Monday, September 03, 2007
With the dramatic growth of small group ministry in local churches, leaders are scrambling for insights that will help them improve every aspect of groups in their churches—from recruiting members to enhancing the teaching that takes place.
As a result, more and more resources are being developed for the purpose of helping small group leaders. One of these is ReGroup, a new DVD-based small group curriculum written by Henry Cloud, Bill Donahue and Dr. John Townsend, produced by Zondervan Publishing.
The ReGroup material contains some great tips for small groups. For example, the program offers a number of suggestions in the area of "Asking Good Questions." The authors note, "There are two types of questions you should ask during your group meetings. They are questions that: Discover more information (information exchange) and Explore experience (thoughts, feelings, etc.)."
The authors argue that such questioning is important because it:
• Helps you get to know the person;
• Shows interest in their life;
• Helps them tell their story;
• Provides dialogue;
• Helps the person understand themselves better.
There are various techniques for asking such questions. Here are some examples of asking questions that...
Discover more information—the facts:
• Tell me more about that...
• Where did you grow up?
• Where do you work?
Explore experience—thoughts and feelings:
• What did that feel like?
• How was your relationship with your parents?
• How did that relationship make you feel?
• What do you think about that?
• What was that like for you?
The Regroup authors believe that during each small group meeting, it is useful to try asking at least one information-focused question and one experience-focused question. They note, "You can choose who you want to ask, but you don't have to ask the same person each type of question."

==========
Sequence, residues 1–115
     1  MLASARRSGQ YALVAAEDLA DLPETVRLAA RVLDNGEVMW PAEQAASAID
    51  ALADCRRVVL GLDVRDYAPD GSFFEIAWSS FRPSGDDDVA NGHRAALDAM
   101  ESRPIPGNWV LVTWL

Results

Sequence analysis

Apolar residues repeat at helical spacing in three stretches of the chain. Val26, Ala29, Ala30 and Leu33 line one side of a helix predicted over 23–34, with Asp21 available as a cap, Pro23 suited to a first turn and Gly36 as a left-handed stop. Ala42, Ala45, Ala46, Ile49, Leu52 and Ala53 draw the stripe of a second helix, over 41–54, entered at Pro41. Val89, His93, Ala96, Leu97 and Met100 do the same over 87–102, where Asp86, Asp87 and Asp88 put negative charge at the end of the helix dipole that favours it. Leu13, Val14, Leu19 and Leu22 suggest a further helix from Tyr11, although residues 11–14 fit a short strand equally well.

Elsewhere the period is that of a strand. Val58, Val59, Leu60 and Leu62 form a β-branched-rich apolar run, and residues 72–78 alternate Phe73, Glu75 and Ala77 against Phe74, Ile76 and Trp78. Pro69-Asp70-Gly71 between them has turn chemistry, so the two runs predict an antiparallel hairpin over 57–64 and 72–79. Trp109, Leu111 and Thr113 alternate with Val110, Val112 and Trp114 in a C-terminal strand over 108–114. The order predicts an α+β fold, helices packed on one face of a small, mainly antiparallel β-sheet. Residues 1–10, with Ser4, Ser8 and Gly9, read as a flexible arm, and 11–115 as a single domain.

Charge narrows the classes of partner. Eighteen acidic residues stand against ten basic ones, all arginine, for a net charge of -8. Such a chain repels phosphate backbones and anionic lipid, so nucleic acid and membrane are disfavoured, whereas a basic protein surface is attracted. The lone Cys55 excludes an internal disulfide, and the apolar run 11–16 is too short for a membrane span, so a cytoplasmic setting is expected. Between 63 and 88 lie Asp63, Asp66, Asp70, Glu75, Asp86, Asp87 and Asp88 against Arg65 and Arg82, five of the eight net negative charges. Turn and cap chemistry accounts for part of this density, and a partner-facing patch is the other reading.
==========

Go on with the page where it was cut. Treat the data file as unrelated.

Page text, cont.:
Another recently-published resource which contains some ideas for small groups is Fresh Ideas: 1,000 Ways to Grow a Thriving and Energetic Church (B&H Publishing) by Diana Davis. In this book, the syndicated columnist and pastor's wife offers a variety of ideas gathered over the years, including one section on small groups.
Among the tips she offers for small groups:
Always have an empty chair. "If all chairs are taken when guests arrive at your class, they do not feel welcomed. Always have extra chairs set up and ready for guests."
Use name tags every time. "Create permanent name tags for class members, using a typeface that is readable from several feet away. Name tags improve fellowship, promote accountability, and help new members quickly feel that they belong."
Plan to grow. "Did your Sunday School class or small group reproduce last year? Build multiplication into the DNA of your class. Make it a goal for every (group) to multiply at least annually. Talk about it. Plan it. Set a date."
Small groups can provide a valuable ministry.